A few weeks ago, my best friend, office mate, and all-around life partner, Biz, passed away. Biz was my kitty, and I had experienced the joy of being his caretaker for about three and a half years. Before him, I had owned pets and generally loved animals, but I had never developed a connection with one as I had seen with so many of my friends and even family members over the years. Once Biz fell ill, I began to understand where that connection comes from on a much deeper level, and just how powerful it is for both humans and animals alike.
About two weeks after Biz passed, my friend Amy texted me, asking to call her. Once I did, and we spoke, I wish I hadn't.
Let me back up.
Two years ago, I photographed Amy and her dog, Tugboat, as a Christmas gift from Amy's mom. I've known Amy for a long time, and, like most people who know Amy, or who have met her within the last eight years, know Tugboat. They are a pair. The Amy "before" Tugboat is no longer the same person.
In our chats over the last few years, I've come to understand just how deep the relationship Amy has had with Tugboat. He's been with her through some of her darkest days, and has brought light to many; even Amy's "kids" in Brooklyn, where she is in a principal program.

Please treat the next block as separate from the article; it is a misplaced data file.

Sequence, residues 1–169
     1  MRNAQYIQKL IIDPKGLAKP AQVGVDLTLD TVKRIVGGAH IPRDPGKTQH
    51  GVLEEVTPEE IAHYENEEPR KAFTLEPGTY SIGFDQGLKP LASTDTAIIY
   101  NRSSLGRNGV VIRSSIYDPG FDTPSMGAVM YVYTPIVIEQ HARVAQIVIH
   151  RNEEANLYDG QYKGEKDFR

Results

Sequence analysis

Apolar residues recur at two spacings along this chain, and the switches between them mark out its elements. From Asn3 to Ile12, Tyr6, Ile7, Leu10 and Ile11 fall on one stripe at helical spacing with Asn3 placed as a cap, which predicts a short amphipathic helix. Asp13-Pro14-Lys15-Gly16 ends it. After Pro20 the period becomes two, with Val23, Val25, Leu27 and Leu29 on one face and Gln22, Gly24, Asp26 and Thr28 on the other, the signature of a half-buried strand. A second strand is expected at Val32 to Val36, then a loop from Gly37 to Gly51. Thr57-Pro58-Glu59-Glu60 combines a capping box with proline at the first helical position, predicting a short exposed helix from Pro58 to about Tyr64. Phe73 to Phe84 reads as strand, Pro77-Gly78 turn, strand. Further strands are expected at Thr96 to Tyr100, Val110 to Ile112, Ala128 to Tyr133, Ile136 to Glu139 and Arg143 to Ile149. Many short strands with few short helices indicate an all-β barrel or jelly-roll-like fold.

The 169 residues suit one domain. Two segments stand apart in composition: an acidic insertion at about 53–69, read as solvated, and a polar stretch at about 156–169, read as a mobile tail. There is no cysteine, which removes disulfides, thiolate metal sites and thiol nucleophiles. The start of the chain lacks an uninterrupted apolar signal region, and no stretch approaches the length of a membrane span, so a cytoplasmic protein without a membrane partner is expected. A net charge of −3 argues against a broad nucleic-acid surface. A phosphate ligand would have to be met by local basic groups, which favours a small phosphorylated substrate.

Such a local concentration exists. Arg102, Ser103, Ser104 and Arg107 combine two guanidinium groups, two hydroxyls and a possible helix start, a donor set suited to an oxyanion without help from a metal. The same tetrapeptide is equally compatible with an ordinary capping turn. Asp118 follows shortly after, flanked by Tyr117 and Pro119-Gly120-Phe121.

Poor Tugboat experienced lots of health issues since puppyhood, including cancer. One thing which came up during this session with Amy is how Bernese Mountain Dogs have a greater susceptibility to certain cancers and other health conditions than many other dog breeds. The average life span for one of the gorgeous creatures is, sadly, only between 5-8 years. Tug seemed to have beat the odds by becoming a survivor of cancer once before, and reaching his 8th birthday, which in itself was a feat that can only be accredited to Amy's extreme love, attention, and devotion to her man.
Unfortunately, cancer came back to Tugboat, and this time it was aggressive. Too aggressive for Tug.
That phone call? It was for another photo session. This time, it would be the last.
As I said earlier this week, I've photographed a lot of love stories, but this one may be the greatest.
Every night before Amy went to sleep, she would say to Tugboat, "MTML", which stands for "More than my Life". That type of love transcends boundaries, and, I believe, Earth. I have no doubt that he is still with her, and will be, for the rest of her life.